Downsizing has been one way to lower emissions. Between 2001 and 2012 the average engine displacement in Europe decreased from 1,710 ccm to 1,650 ccm, according to the study. Another way has been the use of stronger and lighter materials. Between 2008 and 2012, says the study, the weight portion of regular steel in an average US light vehicle has gone down 17 percent, from 1,627 pounds to 1,346 pounds. At the same time, the amount of high- and medium-strength steel has increased by 13 percent, and aluminium by 15 percent. For the next decade the study forecasts the use of high-strength steel to grow by about another 30 percent, at the expense of traditional steel.
“The high price of aluminium still prohibits its abundant use in the A and B segments,” said Stefano Aversa. “Here we will see it limited to engine blocks and wheels for the near future. The biggest aluminium growth we will probably see is in the C and D segments, where penetration rates still show upside potential compared to the E segment, which already as of today relies heavily on lightweight materials.”
Suppliers: From Antitrust Concerns to Demanding OEMs
The AlixPartners study finds that some suppliers have themselves become nearly as large as some international car manufacturers, and that the top quartile of suppliers generates more than 80 percent of the industry’s revenues and profits. Even several key components and systems have come to rest in the hands of a small number of large suppliers. That’s of course as large suppliers have been asked by OEMs to perform a much larger share of vehicle-development tasks.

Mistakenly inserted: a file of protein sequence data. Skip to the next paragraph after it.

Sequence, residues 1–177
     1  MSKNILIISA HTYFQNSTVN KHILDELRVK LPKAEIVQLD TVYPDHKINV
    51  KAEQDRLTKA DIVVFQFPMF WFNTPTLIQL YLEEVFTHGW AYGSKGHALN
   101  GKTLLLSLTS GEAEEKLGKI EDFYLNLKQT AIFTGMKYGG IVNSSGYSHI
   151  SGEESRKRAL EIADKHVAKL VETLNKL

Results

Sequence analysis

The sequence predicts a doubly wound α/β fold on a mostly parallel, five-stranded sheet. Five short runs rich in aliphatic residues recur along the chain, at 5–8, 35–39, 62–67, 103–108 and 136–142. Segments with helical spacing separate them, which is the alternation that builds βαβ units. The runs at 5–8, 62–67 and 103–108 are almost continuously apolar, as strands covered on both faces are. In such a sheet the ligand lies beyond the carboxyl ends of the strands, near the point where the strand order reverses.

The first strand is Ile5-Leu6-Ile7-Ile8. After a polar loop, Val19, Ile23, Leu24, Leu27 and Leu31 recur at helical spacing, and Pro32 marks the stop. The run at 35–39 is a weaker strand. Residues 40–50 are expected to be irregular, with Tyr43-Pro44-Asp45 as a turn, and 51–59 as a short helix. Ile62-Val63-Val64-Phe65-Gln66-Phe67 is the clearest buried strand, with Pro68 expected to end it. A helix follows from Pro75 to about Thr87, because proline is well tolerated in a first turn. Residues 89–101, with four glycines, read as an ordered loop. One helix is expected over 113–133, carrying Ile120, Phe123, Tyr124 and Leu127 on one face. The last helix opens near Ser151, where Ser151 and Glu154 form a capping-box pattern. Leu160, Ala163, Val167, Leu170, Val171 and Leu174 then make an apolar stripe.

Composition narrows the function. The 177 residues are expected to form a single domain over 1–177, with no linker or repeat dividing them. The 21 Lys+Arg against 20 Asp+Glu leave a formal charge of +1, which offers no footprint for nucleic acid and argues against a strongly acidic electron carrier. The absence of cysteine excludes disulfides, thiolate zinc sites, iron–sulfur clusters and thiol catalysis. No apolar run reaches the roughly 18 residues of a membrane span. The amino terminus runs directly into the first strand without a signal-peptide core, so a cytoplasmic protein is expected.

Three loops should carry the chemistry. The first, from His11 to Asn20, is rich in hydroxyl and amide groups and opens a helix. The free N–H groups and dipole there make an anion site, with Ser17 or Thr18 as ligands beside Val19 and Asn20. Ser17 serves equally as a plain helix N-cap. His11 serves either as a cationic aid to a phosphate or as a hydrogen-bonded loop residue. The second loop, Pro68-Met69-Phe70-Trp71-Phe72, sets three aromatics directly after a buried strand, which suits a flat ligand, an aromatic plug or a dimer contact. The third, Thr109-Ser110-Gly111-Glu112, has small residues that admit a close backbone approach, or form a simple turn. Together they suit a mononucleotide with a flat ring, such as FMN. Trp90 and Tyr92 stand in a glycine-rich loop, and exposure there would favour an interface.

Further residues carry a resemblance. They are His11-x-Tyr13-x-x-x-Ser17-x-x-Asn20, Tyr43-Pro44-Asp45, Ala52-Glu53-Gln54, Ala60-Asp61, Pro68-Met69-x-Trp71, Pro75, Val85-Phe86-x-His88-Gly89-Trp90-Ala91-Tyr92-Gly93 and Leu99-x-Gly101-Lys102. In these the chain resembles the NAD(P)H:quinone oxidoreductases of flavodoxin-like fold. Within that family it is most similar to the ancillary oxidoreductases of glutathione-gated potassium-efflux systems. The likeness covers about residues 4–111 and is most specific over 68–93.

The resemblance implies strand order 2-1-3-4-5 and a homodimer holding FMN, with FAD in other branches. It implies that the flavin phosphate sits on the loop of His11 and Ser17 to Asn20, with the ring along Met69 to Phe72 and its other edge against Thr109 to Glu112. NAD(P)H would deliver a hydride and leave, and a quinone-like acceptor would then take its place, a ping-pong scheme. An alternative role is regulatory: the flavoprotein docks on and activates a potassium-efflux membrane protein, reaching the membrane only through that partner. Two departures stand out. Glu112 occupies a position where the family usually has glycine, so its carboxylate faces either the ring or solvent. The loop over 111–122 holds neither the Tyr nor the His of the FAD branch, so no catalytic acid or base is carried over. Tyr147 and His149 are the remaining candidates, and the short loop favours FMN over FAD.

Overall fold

Automotive suppliers begin to face limits in their striving for critical market shares, and for sweet spots with proprietary technology. This includes a rising number of anti-trust investigations, representing approximately 25-30 percent of the value of an average European compact car, according to the AlixPartners study. During the past five years, cumulative fines of €4.5 billion have been levied against suppliers in Europe, Japan, and the US. New EU anti-trust investigations are expected for ignition coils, starter motors, compressors, braking systems and other components that have been under investigation in the US.
“While tier one and two suppliers need to be careful in further consolidation moves, their overall role in the automotive industry will continue to expand,” says Stefano Aversa. “As complexity and diversity of cars continue to grow, suppliers will continue to grow their share of research and development, value creation, and risk-taking.”
About the Study
“Caution: Blind Curves Ahead: The AlixPartners Global Automotive Outlook” is based on expert interviews and financial analysis of more than 300 global suppliers and more than 50 global automakers.
AlixPartners is a leading global business advisory firm of results –orientated professionals who specialize in creating value and restoring performance at every stage of the business lifecycle. The firm’s expertise covers a wide range of businesses and industries whether they are healthy, challenged or distressed. Since 1981, we have taken a unique, small team, action-oriented approach to helping corporate boards and management, law firms, investment banks and investors respond to critical business issues.